Volunteering. Why do we do it? We undoubtedly get some fun and satisfaction along the way but underlying these personal benefits is the understanding that if we didn’t do it, it probably wouldn’t get done, and the world would be a poorer place. More this way»
In this hard financial autumn our old historic canal boats have had a very hard month indeed. Their natural rot has been accelerated by the Waterways Trust museums at Ellesmere Port and Gloucester shutting down to part –time opening, operating with even fewer staff than they have been struggling with anyway. More this way»
A group of volunteers have been surveying some of the buildings at Taylor's Yard, the old Shropshire Union boatyard in Chester, prior to forthcoming repairs, cleaning them out and recording any surviving items of boatyard history. More this way»
Canal Literature and Art
working boat with 'roses & castles' recently, Tony found that few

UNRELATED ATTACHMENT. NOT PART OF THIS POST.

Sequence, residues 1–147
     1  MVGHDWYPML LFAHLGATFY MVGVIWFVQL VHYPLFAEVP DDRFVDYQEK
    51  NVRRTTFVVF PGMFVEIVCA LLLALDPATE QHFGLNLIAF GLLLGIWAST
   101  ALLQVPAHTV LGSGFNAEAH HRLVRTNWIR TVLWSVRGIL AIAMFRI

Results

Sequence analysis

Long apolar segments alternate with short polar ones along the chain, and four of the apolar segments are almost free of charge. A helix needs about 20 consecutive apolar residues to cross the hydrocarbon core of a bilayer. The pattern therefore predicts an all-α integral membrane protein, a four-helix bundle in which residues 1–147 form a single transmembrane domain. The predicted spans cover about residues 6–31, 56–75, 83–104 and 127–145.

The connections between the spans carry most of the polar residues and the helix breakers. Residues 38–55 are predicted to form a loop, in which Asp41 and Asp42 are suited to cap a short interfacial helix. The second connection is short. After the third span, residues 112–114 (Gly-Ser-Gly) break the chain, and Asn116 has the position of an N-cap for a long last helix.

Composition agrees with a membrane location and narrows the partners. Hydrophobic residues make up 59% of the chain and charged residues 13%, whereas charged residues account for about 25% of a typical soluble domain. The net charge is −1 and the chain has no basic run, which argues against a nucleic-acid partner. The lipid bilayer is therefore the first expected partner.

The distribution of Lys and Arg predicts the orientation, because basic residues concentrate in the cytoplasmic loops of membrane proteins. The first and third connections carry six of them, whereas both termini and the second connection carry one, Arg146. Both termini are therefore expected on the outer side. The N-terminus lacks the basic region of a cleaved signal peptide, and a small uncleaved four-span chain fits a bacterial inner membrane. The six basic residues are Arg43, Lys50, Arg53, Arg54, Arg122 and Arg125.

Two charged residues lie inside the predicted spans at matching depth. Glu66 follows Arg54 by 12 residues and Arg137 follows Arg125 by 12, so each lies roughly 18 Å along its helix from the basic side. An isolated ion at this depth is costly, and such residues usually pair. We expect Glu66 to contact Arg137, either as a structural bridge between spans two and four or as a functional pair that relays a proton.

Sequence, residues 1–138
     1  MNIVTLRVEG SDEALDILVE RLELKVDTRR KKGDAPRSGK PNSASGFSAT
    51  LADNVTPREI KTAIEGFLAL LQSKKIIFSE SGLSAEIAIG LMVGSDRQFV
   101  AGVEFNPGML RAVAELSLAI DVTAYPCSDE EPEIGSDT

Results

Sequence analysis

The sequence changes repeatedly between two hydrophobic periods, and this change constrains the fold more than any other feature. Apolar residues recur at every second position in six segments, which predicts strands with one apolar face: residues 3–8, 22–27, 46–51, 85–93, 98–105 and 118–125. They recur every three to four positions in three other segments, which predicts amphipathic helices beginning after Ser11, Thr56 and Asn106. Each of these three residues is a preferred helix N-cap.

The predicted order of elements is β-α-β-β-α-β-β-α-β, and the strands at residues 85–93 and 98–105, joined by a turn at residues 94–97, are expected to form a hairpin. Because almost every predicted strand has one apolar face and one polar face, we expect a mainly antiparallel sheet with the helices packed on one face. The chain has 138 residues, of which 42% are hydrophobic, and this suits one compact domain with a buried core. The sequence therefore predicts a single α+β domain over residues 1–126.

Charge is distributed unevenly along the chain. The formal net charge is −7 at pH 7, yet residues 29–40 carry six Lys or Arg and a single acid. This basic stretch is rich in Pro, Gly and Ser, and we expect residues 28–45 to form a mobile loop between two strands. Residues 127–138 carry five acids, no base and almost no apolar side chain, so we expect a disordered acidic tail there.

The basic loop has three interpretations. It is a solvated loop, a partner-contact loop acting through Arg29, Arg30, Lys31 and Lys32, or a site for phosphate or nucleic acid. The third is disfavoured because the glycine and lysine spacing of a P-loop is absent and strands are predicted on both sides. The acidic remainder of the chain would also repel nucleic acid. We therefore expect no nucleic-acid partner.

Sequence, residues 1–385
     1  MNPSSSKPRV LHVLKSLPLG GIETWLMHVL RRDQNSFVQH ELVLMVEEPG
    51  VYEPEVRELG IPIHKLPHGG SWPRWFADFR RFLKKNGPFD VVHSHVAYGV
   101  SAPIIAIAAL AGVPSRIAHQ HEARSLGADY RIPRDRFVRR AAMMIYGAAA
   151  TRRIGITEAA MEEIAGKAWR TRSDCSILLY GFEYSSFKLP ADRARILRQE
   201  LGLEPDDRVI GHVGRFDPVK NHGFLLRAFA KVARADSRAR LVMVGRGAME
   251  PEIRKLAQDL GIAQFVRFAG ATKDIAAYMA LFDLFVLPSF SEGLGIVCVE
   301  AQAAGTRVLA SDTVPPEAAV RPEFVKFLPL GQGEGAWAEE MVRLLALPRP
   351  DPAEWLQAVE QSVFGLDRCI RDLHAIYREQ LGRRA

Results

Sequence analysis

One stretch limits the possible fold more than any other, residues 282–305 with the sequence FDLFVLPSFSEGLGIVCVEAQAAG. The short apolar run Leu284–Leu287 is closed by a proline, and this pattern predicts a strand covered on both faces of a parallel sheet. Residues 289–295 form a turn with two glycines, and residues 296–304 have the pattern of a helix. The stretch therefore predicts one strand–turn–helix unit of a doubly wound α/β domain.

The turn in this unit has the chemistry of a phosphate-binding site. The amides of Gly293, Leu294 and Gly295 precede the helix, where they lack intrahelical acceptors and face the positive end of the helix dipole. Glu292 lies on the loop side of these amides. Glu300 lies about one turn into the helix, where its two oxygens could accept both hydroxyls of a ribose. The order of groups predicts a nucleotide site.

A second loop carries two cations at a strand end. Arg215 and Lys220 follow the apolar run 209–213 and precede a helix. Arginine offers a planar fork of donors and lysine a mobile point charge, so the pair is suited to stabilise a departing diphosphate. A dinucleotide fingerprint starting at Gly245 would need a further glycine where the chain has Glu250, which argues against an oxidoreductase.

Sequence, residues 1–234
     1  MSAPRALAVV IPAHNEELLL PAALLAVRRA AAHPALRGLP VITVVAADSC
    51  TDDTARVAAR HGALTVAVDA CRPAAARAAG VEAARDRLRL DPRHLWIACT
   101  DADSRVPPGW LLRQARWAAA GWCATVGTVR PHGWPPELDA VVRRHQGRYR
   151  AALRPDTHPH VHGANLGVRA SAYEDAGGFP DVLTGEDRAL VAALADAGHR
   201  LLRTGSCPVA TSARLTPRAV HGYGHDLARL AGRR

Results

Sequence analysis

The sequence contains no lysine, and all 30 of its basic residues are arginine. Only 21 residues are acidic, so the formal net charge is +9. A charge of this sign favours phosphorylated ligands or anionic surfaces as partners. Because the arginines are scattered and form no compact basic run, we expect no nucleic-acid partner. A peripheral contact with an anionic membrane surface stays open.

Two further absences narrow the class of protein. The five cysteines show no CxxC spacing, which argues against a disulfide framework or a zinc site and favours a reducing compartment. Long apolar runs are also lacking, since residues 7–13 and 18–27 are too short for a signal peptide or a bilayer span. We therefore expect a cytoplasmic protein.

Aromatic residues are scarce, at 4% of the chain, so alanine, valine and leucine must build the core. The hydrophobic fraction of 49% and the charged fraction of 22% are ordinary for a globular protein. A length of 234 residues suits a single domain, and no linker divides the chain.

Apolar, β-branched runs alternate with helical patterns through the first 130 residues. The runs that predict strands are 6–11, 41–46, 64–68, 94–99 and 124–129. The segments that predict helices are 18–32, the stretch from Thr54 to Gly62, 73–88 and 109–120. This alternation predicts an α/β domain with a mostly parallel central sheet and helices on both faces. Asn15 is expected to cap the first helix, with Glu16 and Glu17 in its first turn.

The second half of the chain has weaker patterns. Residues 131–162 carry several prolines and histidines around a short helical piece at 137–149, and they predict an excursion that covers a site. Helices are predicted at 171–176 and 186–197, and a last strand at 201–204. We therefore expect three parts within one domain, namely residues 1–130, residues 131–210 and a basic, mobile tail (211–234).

modern canal users even noticed, maybe they don't want canal history.
More this way»
Tony goes film making in Birmingham this month, focussing on the precise techniques of sidecloths, topcloths, tippet and topstrings! More this way»
The traditional art of the boats, that special unique culture of the boatpeople, was quite suddenly stolen by the holiday boat business and became a staple ingredient of a souvenir industry. More this way»
Traditional canal skills are disappearing. What were the day-to-day craft skills; how do you sheet up a narrowboat, run a canal stable, rig a Joey boat mast ...? Sight Seen Partnerships are trying to video the past before even the memories have faded away. More this way»